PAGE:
11.   The judgment of the court provided, in relevant part, as follows:  “(1) On Plaintiffs' First Cause of Action for declaratory relief, as alleged in their Verified Complaint filed herein on July 22, 2003 (‘the Complaint’):  The Court declares that:  (a) Defendant was obligated to defend and indemnify Plaintiffs with respect to the claims alleged against Plaintiffs in ‘In re:  POS Systems, Inc., Debtor;  Anthony Mason, Trustee v. Mirpad, L.L.C.,’ in the United States Bankruptcy Court for the District of Arizona, Case No. B00-04297 ECF SSC, Adv. No. 00-842, and in ‘Ken MacDonald v. Mirpad, L.L.C., et al.’ in the Superior Court of Arizona, Maricopa County, No. CV 1001-007377 (both of which are hereinafter referred to as ‘the Underlying Actions');  (b) Plaintiffs' claim against Defendant for reimbursement of fees and costs incurred by Plaintiffs in the Underlying Actions constitutes a ‘covered claim’ as that term is defined in California Insurance Code Section 1063.1(c)(1), and (c) Defendant is obligated to reimburse Plaintiffs for all legal fees and expenses incurred or paid by Plaintiffs in said actions subject to the limit contained in California Insurance Code Section 1063.1(c)(7);  [¶] (2) On Plaintiffs' Second Cause of Action for violation of Ins.Code Section 1063.2, as alleged in the Complaint:  Judgment is entered in favor of Plaintiffs and against Defendant in the amount of $500,000;  ․”

12.   Subsequent to the trial court's ruling granting plaintiffs' motion for judgment on the pleadings, but prior to entry of the judgment thereon, the trial court denied plaintiffs' motion to have included in the judgment prejudgment interest under either Civil Code, section 3287, subdivision (a) or (b) or Civil Code, section 3289, subdivision (b).  Plaintiffs have filed a cross-appeal seeking review of that ruling.   In light of our conclusion that there was no coverage for the claims asserted in the underlying actions, we have no need to reach or discuss either plaintiff's entitlement to prejudgment interest or the proper rate of interest to be applied.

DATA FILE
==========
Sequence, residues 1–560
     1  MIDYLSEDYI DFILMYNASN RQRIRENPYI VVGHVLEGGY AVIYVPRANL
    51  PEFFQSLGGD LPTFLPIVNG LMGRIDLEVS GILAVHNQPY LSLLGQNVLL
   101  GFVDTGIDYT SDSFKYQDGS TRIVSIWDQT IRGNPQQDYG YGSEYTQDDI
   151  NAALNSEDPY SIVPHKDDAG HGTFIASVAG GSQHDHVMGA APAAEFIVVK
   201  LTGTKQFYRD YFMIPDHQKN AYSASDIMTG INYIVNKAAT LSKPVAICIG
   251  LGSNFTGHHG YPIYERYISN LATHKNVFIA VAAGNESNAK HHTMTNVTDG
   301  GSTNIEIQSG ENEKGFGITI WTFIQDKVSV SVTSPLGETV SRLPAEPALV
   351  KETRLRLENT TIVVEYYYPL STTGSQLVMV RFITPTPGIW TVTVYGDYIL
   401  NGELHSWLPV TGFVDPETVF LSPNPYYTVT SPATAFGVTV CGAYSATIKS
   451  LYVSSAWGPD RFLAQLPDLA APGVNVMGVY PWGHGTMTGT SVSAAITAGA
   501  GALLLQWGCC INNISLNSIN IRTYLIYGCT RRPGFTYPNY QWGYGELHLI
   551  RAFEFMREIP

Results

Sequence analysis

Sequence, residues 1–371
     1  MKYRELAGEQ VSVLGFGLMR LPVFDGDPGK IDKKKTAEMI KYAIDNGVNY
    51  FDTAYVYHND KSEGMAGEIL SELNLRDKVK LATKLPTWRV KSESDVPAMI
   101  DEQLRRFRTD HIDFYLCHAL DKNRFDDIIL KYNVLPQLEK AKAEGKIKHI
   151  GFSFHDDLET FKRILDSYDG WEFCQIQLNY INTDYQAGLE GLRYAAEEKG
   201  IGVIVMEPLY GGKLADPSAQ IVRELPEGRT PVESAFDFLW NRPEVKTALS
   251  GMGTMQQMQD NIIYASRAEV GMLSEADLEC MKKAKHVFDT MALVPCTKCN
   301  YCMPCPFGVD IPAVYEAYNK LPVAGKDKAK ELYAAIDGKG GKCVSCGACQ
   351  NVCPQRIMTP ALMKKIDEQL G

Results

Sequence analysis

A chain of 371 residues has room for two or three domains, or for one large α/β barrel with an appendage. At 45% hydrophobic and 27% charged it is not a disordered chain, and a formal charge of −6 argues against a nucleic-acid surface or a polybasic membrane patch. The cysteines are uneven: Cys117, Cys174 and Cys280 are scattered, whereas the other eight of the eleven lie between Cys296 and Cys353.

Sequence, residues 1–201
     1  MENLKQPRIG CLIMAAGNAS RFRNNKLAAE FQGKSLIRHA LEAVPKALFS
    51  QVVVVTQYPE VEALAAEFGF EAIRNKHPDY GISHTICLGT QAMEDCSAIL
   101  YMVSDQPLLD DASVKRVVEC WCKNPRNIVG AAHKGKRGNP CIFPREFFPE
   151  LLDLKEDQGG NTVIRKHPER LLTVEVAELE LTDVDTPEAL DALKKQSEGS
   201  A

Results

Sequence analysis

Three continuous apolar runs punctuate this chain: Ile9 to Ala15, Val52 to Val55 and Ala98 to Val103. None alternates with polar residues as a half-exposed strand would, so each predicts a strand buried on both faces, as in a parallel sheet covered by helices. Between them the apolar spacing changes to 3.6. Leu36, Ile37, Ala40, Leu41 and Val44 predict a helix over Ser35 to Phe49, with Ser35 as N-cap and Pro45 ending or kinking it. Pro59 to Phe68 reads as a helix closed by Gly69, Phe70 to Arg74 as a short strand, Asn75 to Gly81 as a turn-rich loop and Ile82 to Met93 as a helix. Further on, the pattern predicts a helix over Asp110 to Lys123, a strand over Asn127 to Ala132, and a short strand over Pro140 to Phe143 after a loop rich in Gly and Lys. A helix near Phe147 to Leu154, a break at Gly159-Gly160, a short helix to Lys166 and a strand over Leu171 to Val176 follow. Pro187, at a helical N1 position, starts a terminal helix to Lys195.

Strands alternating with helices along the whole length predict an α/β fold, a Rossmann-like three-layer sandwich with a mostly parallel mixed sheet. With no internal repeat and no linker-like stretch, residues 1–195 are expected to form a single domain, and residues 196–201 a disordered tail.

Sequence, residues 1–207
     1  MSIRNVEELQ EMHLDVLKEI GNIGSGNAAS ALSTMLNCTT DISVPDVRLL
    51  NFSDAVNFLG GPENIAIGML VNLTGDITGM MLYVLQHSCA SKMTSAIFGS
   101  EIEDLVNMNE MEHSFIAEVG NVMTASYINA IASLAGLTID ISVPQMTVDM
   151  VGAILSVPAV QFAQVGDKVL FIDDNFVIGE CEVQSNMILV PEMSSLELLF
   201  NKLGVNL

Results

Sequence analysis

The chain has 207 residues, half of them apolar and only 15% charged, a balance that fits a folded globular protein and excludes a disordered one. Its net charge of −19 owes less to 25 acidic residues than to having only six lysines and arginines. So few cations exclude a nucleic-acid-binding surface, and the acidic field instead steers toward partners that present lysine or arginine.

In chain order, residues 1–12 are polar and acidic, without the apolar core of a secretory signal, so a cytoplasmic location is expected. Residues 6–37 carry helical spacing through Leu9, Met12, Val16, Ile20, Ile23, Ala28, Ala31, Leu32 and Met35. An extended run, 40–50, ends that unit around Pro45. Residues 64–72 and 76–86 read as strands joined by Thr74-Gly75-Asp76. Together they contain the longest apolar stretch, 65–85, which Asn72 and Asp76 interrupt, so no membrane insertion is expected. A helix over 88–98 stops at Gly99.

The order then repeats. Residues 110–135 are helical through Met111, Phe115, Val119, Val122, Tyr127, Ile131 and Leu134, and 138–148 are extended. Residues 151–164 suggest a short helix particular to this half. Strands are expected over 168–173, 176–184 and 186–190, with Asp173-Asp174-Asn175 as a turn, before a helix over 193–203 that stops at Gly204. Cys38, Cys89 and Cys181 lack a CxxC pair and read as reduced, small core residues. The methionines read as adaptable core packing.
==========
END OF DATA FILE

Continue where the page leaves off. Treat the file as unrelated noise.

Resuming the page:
13.   We find to be both instructive and persuasive the argument and policy analysis that CIGA has provided in its opening brief.   It demonstrates that the United Pacific policy, when it otherwise used the word “person” in isolation from the word organization, clearly and consistently referred only to a natural person:  “The words ‘person’, ‘persons,’ and ‘person's' appear in isolation [some twenty-eight (28) times, excluding the disputed language,] throughout the policy in contexts obviously referring only to natural persons.   By way of example, the first page of the CGL Coverage Part sets forth exclusions for ‘Liquor Liability ․’ The exclusion addresses liability by reason of ‘(1) causing or contributing to the intoxication of any person;  (2) the furnishing of alcoholic beverages to a person ․’ ․ [‘]Person[’] in this context clearly and unequivocally means a natural person.   An entity cannot drink or become intoxicated.   Similarly, the policy's exclusions under Coverage C. Medical Payments for bodily injury provide that the carrier ‘will not pay expenses for bodily injury:  [¶] ․ [¶] (b) to a person hired to do work for or on behalf of any insured or a tenant of any insured. [¶] (c) to a person injured on that part of [a premises the named insureds own, occupy or rent] that the person normally occupies. [¶] (d) to a person, whether or not an employee of any insured ․ [¶] (e) to a person injured while taking part in, supervising, or instructing any physical sport ․’ ․ [¶] The word ‘person’ is used because these provisions can only apply to natural persons;  i.e., only natural persons can suffer ‘bodily injury’ covered by Coverage C. Medical Payments.  [¶] The usage of ‘person’ throughout the policy is similarly consistent in referring to only natural persons.   Besides Coverage A. Bodily Injury and Property Damage ․ and Coverage C. Medical Payments ․ noted above, ‘person’ also appears in Section II-Who Is an Insured (e.g. any person is an insured while driving mobile equipment on a public highway with the insured's permission) ․, Section III-Limits of Insurance (‘.. the “Medical Expense Limit” is the most we will pay under Coverage C. Medical Payments because of bodily injury sustained by any one person.’) ․, and Section IV-General Liability Conditions (e.g. an insured's obligation to help the carrier ‘get the names and addresses of injured persons and witnesses') ․ [¶] In addition to the examples cited above where ‘person’ can only mean a natural person, an examination of the uses of the term ‘person’ in the Definitions section of the policy demonstrates a consistent use of the term ‘person’ to refer only to a natural person.  ‘Person’ is used in the definitions of ‘Advertising Injury,’ ‘Bodily Injury,’ ‘Coverage Territory,’ ‘Executive Officer’, ‘Personal Injury’, and ‘Temporary Worker’.   In the definition of Advertising Injury, the definition includes ‘oral or written publication of material that violates a person's right of privacy.’  ․ The definition of ‘Bodily Injury’ addresses ‘bodily injury, sickness or disease sustained by a person.  ․ The definition of ‘Coverage Territory,’ which is primarily defined as the United States, Puerto Rico and Canada, is narrowly extended to all parts of the world only if ‘the activities of a person whose home is the [United States, Puerto Rico and Canada], but is away for a short time on your business.’  ․ Similarly, an ‘Executive Officer’ is ‘only a person holding any of the officer positions created by your charter, constitution or by-laws' ․ (i.e. the human component of some organizations.)  ․ A ‘Temporary Worker’ is ‘a person who is furnished to you to substitute for a permanent employee on leave or to meet seasonal or short-term workload conditions.’'  (See AOB, at pp. 14-16;  Original Boldface;  italics added.)